When Bollinger told Ahmadinejad that he exhibited “all the signs of a petty and cruel dictator,” the Iranian president might have wondered whether great and cruel dictators are judged by a different yardstick at the university. After all, the Shah of Iran was awarded an honorary Doctor of Laws degree only two years after the CIA organized a coup to overthrow Mossadegh. By any measure, the Shah was one of the most horrible dictators of the post-WWII period. One supposes that as long as he was on the State Department’s A list, Columbia University would be happy to put down the red carpet for the torturing beast.
President Grayson Kirk: enjoyed cozy relations with the CIA
Columbia University certainly had the right connections to recognize major talents like the Shah when it came to bestowing honors. In 1968, Columbia students published an eye-opening pamphlet titled “Who Rules Columbia” that established the university’s institutional connections to the CIA, especially with the Asia Foundation:
The Asia Foundation has received much if not all of its financial support from the CIA. It has a budget of about $7 million a year to provide “private American assistance to those Asian groups and individuals working for continued social and economic improvement.” The foundation has resident representatives in 14 Asian countries, with American offices in New York and San Francisco. At various times, representatives have been kicked out of Cambodia, Indonesia and more recently, India, reputedly for their various intelligence activities.
The person who makes the link between the Asia Foundation and Columbia is Grayson Kirk, president of the University. Kirk has been on the board of the Foundation for many years, and is one of its most influential trustees. In 1962, when Robert Blum, president of the Foundation, resigned, Kirk was appointed Chairman of the Nominating Committee of the Trustees, whose purpose was to select a new president. In his search for suitable candidates for this position, Kirk sought the advice and suggestions of Dean Rusk and Averell Harriman, a move which indicates the importance of the Foundation. He also encouraged recommendations from George S. Moore, President of the First National City Bank of New York, and A.L. Nickerson, Chairman of the Board of Socony Mobil Oil Company, Inc., concerning members of the bank and of Socony Mobil, which had experience in Asian affairs. One man who was proposed as a possible choice was Robert Amory, but Kirk himself is reported to have feared that he might bring embarrassment to the Asia Foundation. From 1952-1962, Amory was Deputy Director of the CIA.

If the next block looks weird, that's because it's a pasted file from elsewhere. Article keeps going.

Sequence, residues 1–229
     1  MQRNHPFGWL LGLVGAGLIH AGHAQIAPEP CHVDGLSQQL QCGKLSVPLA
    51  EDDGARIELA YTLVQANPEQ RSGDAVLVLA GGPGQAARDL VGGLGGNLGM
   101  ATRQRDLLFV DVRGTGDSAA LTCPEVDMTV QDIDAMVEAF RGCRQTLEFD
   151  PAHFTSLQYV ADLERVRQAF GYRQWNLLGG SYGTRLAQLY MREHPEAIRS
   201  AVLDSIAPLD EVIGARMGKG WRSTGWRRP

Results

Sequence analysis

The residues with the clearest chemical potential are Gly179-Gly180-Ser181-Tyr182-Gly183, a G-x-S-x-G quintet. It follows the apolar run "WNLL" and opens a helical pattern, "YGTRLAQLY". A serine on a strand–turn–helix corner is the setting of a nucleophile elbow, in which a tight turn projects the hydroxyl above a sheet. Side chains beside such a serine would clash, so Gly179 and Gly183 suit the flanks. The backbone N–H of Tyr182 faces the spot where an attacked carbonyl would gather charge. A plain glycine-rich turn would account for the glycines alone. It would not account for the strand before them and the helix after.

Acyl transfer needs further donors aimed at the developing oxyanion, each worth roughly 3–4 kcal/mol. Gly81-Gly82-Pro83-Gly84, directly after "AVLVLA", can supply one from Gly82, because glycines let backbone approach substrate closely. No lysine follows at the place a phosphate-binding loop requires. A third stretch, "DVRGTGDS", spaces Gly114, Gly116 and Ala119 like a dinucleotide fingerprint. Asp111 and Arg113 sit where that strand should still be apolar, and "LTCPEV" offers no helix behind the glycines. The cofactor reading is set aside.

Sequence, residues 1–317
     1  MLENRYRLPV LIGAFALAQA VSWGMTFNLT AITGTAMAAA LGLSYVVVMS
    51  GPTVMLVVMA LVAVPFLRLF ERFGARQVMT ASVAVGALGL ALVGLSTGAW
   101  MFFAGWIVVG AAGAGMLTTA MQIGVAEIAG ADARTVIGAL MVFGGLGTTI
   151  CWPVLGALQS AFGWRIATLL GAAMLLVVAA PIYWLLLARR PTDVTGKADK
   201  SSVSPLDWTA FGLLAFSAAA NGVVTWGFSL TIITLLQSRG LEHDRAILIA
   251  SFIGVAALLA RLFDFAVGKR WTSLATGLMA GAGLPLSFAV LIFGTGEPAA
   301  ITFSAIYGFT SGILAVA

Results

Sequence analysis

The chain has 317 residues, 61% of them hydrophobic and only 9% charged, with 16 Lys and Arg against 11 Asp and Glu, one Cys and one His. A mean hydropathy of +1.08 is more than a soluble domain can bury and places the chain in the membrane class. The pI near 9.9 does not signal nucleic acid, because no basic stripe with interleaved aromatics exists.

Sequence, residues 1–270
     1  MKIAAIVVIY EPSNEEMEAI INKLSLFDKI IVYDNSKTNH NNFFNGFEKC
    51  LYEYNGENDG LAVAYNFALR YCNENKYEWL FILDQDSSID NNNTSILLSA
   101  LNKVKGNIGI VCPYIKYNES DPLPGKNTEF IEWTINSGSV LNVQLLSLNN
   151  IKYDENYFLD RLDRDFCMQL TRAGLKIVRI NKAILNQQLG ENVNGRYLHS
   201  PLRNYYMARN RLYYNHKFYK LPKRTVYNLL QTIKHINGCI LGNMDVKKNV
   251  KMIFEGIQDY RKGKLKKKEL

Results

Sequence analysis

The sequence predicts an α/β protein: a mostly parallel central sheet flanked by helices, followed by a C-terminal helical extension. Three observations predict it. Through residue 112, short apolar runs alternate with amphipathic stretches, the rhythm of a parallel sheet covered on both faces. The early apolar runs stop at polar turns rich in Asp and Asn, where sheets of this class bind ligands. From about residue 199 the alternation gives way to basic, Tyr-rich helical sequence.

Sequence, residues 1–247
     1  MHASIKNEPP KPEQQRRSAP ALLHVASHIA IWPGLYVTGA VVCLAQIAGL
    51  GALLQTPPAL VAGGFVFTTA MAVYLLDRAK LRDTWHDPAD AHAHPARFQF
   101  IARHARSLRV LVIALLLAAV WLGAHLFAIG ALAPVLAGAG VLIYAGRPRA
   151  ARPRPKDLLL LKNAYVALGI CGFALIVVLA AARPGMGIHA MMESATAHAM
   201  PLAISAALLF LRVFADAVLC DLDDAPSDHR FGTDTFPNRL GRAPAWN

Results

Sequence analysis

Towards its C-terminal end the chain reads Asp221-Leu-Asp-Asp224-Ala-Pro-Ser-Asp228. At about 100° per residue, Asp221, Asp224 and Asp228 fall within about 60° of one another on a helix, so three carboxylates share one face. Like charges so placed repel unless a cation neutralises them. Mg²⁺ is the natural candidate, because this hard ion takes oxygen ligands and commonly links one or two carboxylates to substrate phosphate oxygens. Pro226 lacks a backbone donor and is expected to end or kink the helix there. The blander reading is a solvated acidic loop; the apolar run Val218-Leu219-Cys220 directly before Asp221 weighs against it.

The relationship between the Asia Foundation and Columbia is a reciprocal one. Since at least 1961, the Foundation has given grants to Columbia’s School of Journalism, recently financing the Japanese Science Writers’ Project and Fellowships for Asiatic Journalists. Grayson Kirk’s long and intimate association with the Asia Foundation suggests what an able and prominent supporter of the CIA this university president really is. It follows that many of his administrative decisions as President of Columbia University have also reflected the interests, priorities and concerns of the CIA. Certainly such decisions would not infringe on these concerns. Consider Kirk’s attitude toward the NSA (National Student Association)-CIA exposure: “One shouldn’t jump to conclusions that the people in these organizations were being used as spies.” The money was donated “more for propaganda purposes than for anything else.” Kirk’s only complaint about the CIA’s funding of non-governmental organizations was that “a certain amount of this seems to have been handled clumsily by people in Washington.”
Maybe one day we’ll find out the extent of Columbia University’s present day connections with government agencies, both covert and overt. As the drums for war beat louder and louder, it will be increasingly necessary for an isolated and discredited Bush administration to rely on ostensibly liberal and humanitarian figures, such as Ivy League presidents.
Just as the student protests of 1968 led to the unearthing of secret documents that revealed such ties, it is entirely possible that continued anger over the war in Iraq and future war with Iran might propel the students of today toward bolder actions that might put them in the proud tradition of people like Robert Burke.